2nd Sunday of Easter: Divine Mercy Sunday By Fr. Baltazar Obico, OFM

Today some of our parishioners are in Rome, together with many other pilgrim-Filipinos as they join the whole church in celebration of the canonization of two Popes, John XXIII and John Paul II. Those of us who are familiar with the life of John Paul II, know the reason for setting this date as canonization day. It was he who established this feast at the canonization of Saint Faustina in April 2000. Not only did he establish this feast of Divine Mercy but by God’s Providence, he died on the vigil of that feast, 5 years later on April 2, 2005.

John Paul II last words, written from his deathbed, called for greater acceptance and understanding of Divine Mercy. Those words which he exhorted the faithful to pray, ended with the words, “Jesus, I trust in you, have mercy on us and on the whole world.”

The message of Divine Mercy was given to the whole world by the Lord, through St. Faustina, who is primarily for the final outpouring of a whole ocean of graces and for the total forgiveness of sins and punishment for any soul that would go to confession and receive communion on the feast of Divine Mercy.

GOSPEL: Divine Mercy, an Earlier Gift.
St. Faustina wrote in this diary – that Jesus said, “Mankind will not have peace until it turns with trust to God’s mercy, Divine Mercy.” This is the Easter gift that the church receives from the risen Christ and offers to humanity.

The gospel helps us to grasp the full sense and value of this gift. John makes us share the emotion felt by the apostles in their meeting with Christ after his resurrection. Our attention focuses on the gesture of the master who transmits to the fearful, astounded disciples the mission of being ministers of Divine Mercy, showing them His hands and His side. Immediately afterwards, “He breathed on them and said to them: “Receive the Holy Spirit. If you forgive the sins of any, they are forgiven, if you retain it, they are retained.” Jesus entrusted to them the gift of forgiving sins, a gift that flows from the wounds on His Hands, His feet, especially from His pierced side. From here a wave of mercy is poured out over all humanity.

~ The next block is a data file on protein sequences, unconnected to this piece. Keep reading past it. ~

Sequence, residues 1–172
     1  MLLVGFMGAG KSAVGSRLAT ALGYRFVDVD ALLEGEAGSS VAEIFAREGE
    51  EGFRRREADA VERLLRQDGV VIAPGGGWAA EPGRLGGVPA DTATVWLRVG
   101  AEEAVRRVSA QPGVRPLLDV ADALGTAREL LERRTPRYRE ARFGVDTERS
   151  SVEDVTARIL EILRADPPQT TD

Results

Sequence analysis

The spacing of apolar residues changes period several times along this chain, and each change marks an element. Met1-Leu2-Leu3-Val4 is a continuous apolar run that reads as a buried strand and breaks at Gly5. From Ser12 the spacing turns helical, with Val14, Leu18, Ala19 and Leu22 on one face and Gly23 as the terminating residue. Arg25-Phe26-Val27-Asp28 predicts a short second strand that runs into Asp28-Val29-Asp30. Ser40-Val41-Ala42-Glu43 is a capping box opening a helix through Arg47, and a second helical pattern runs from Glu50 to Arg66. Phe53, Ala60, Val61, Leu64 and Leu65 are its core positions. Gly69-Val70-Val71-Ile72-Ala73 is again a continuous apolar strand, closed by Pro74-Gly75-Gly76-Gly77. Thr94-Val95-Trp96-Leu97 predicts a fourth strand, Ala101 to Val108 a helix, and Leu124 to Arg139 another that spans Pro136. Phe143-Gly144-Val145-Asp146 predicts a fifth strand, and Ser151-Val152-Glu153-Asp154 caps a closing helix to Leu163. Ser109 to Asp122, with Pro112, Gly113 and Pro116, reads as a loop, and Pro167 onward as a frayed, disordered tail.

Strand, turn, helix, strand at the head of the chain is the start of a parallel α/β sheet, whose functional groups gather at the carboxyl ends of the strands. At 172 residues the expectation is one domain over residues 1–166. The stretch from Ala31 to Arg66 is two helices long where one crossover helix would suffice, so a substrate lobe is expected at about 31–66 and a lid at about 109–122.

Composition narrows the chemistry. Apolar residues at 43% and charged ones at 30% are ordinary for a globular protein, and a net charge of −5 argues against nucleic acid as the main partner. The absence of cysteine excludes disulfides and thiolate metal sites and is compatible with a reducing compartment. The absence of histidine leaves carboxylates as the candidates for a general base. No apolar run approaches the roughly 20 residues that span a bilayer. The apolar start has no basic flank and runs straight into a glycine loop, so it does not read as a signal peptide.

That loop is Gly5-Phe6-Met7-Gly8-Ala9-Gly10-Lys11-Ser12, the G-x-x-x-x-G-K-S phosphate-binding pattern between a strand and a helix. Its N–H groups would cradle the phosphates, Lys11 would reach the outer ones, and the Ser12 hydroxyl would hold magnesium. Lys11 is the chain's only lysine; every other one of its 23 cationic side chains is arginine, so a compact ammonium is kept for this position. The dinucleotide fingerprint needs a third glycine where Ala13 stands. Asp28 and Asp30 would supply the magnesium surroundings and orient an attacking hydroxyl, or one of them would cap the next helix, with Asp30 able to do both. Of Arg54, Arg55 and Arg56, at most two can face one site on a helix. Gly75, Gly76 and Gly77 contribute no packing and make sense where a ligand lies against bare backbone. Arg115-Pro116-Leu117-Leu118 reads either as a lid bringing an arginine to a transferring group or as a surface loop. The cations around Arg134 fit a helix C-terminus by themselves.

Today, the Lord also shares with us His glorious wounds and His heart, an inexhaustible source of light and truth, of love and forgiveness. The two rays denote blood and water, the blood recalls the mystery of the eucharist and the water, the symbol of baptism. Through the mystery of this wounded heart, the restorative tide of God’s merciful love continues to spread to our homes. Here alone can those who long for peace find its secret.

Today the feast invites us to abandon ourselves trustfully in Jesus’ mercy. Often our distrust of mercy is not a clear-cut attitude, but takes on the form of resistance and reluctance. Very soon we procrastinate. We are frustrated at our shortcomings, like being short-tempered, impatient and lacking charity; we become frustrated even more that we have to admit to them, even to ourselves, never to God, not to speak of the priest. Without even being conscious of it, we rationalize it; justify it; then we start calling sins psychological hang-ups. We blame the church for giving us guilt-complexes; for being out of date in its moral doctrine. We blame our parents, whether living or dead, for these hang ups. We blame our siblings, teachers, government. We don’t want to accept responsibility and culpability. At the root of this resistance lie the mystery of iniquity. It is what the Bible calls original sin – Sin of Pride. Pride would have us believe that we are beyond right and wrong, grace and sin, redemption or perdition. Behind the societal and personal loss of objective morality lies a distrust of Divine Mercy.

1.) Today the gospel invites us to experience the Divine mercy in the means he gives for sins to be forgiven, especially in the sacrament of reconciliation. Do I postpone going to confession or simply rebel against the sacrament? Why should I confess to a priest? Isn’t private, personal prayers as good as a sacramental confession?

2.) Sin is what saps our energy, disturbs our peace, creates wrinkes in our countenance, makes our blood and pressure rise and makes us insomniacs. Divine Mercy sought in the sacrament of confession flush out the negativities caused by sin and open our hearts to the waters of divine mercy. How many marriages and homes would be preserved, strengthened and be the locus of wholeness, joy and health if we have but the courage, and trust to pour fourth our pain, sorrow and guilt before Jesus and learn to be compassionate and forgiving of one another.

Brothers and Sisters, Jesus desires that this feast be a refuge and shelter for all….especially for poor sinners.

More about Fr. Tasang and his reflections